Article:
Seafood Plants Scramble For Visas

Discovery Of 25,000 Unused Work Permits Is 'Great News'

August 07, 2009|By Liz F. Kay and Timothy B. Wheeler | Liz F. Kay and Timothy B. Wheeler,liz.kay@baltsun.com

Maryland seafood processors, desperately short of hands to pick crabmeat, are rushing to apply for visas for foreign workers after the federal Department of Homeland Security declared Thursday that 25,000 seasonal immigration permits have gone unclaimed for this year.

The unexpected discovery that some of the annual allocation of 66,000 seasonal worker visas were still available was a welcome relief for the operators of Eastern Shore crab "picking houses," some of which had remained shuttered when the season started in the spring because they could not find enough help.

Even in a region with nearly double-digit unemployment, the crab companies remain reliant on migrant labor from abroad because so few local residents are willing to take the messy, repetitive jobs. Recent employment drives have been unsuccessful, leaving employers to wait for federal relief.

FOR THE RECORD - A story Friday about foreign worker visas misspelled the name of Chris Rhatigan, spokeswoman for the Department of Homeland Security. It also misquoted her: She said the reopening of applications for H-2B seasonal-worker visas in a given year was "unprecedented."
The Baltimore Sun regrets the error.

"This is great news, just huge," said Jack Brooks, president of the Chesapeake Bay Seafood Industries Association, and co-owner of J.M. Clayton Co., a Cambridge picking house that has been operating with less than half its normal staff. He and others say the federal announcement came in the nick of time to save the state's seafood industry from the brink of economic calamity.

"If something didn't happen in the next couple weeks, they were in huge trouble," said Douglas W. Lipton, an economist at the University of Maryland. "We could easily have gone from 22 firms to 10 or 12."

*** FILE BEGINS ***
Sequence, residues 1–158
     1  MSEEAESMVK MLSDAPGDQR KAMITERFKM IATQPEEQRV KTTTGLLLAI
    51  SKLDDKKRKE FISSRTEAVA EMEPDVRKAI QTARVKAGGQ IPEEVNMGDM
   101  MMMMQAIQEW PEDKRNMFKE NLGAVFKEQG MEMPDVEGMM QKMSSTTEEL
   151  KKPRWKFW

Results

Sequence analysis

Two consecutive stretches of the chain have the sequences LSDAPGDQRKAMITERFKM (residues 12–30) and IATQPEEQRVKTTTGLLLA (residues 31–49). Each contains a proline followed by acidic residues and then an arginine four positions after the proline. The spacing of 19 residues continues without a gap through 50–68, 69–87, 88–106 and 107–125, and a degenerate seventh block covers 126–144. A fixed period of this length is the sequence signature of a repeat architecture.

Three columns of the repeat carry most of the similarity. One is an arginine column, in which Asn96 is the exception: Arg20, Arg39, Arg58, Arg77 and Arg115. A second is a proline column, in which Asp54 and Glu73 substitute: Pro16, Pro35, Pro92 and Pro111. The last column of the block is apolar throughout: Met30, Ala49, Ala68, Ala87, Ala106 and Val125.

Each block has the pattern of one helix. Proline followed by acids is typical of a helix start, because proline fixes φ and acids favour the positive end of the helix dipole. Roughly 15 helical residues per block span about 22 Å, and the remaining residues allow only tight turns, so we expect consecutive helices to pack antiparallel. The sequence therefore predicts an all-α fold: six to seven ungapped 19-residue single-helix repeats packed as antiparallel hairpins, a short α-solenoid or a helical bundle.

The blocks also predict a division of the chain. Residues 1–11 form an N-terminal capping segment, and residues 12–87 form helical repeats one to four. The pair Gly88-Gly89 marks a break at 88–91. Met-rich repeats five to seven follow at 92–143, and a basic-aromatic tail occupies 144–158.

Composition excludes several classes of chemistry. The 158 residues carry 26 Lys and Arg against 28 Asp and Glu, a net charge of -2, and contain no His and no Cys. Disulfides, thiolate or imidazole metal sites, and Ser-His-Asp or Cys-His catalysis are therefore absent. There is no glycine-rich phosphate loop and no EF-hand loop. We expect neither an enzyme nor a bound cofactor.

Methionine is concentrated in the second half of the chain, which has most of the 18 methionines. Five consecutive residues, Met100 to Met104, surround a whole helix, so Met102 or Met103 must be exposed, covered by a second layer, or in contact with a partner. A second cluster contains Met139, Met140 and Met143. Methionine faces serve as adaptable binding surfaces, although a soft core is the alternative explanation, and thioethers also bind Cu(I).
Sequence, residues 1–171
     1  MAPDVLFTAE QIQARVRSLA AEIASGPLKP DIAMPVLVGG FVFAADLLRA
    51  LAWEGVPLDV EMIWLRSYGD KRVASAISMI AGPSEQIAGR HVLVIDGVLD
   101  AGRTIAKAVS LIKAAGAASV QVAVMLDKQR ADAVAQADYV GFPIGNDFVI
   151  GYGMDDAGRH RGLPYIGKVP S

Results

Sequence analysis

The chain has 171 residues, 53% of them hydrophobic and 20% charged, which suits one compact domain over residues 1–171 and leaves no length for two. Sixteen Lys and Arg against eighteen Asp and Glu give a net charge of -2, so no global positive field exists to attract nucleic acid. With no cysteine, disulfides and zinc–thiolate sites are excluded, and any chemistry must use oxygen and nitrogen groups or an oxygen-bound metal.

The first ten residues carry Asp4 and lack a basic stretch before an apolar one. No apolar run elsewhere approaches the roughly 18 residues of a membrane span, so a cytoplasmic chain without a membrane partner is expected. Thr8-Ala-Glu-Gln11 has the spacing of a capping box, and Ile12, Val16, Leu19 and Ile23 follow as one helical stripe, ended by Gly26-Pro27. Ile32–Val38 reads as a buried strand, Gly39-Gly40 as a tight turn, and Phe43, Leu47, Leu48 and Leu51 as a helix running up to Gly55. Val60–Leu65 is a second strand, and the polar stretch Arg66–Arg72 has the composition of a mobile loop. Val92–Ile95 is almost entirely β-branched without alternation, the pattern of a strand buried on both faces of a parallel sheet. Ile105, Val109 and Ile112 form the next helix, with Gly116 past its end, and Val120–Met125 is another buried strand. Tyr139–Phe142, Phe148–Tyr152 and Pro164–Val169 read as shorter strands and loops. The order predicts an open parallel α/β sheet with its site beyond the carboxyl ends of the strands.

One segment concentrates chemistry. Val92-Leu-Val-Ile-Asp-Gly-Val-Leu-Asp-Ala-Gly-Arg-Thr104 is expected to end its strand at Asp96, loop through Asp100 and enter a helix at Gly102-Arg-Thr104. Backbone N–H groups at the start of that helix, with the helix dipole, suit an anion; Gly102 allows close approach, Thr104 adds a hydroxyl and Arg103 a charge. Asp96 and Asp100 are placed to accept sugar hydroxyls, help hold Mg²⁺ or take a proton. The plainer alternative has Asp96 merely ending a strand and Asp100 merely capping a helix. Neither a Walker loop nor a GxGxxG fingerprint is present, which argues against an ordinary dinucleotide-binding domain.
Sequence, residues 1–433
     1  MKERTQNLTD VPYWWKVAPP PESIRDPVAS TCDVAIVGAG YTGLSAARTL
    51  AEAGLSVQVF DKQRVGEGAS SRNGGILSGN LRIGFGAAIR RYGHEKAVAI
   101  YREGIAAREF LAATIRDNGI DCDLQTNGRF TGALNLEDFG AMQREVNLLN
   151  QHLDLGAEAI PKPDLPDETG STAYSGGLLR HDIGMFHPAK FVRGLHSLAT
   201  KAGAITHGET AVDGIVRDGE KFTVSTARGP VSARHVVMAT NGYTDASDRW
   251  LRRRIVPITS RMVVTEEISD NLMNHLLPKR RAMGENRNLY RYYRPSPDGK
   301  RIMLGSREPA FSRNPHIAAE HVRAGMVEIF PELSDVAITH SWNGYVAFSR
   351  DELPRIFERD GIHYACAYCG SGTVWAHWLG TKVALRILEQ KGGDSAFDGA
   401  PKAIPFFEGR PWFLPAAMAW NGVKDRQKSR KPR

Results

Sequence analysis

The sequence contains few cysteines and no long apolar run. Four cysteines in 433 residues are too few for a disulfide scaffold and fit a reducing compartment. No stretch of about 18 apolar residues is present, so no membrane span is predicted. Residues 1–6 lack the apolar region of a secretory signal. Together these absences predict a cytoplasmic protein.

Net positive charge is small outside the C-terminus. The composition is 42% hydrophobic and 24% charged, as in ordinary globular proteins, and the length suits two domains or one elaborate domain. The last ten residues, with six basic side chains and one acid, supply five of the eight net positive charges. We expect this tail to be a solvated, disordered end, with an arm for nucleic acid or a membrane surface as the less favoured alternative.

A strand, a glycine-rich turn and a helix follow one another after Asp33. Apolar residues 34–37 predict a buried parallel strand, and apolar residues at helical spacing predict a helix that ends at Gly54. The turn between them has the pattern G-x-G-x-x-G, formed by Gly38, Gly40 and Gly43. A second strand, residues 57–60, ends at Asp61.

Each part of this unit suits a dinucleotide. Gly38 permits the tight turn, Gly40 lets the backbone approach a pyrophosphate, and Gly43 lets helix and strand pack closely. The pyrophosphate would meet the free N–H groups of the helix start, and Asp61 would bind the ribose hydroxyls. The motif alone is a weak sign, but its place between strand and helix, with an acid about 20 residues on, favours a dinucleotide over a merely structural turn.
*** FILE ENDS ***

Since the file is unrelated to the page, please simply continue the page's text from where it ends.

As it is, about a third of the state's seafood processing businesses have remained closed this year, Brooks said, because they were unable to get visas to bring in the roughly 400 foreign workers needed to pick the meat from crabs being harvested by the bushel-load now from the Chesapeake Bay.

The rest, like Clayton, have limped along with partial staffs, able to process only a fraction of their normal output. Brooks said his business has 30 of the 60 or 65 workers it usually hires, including some locals and some foreign workers whose visas were transferred from another company. But A.E. Phillips & Son Inc. in Fishing Creek has not opened yet. Jay Newcomb, the firm's general manager and president of the Dorchester County Council, said Phillips usually hires about 35 foreign workers from March or April through December. So far, the business has only processed about four bushels of crabs as a demonstration for visiting tourists, he said.

Newcomb said he hoped his visa application could be processed quickly so workers would arrive by Labor Day, as crabmeat-picking intensifies from then until it peaks in October.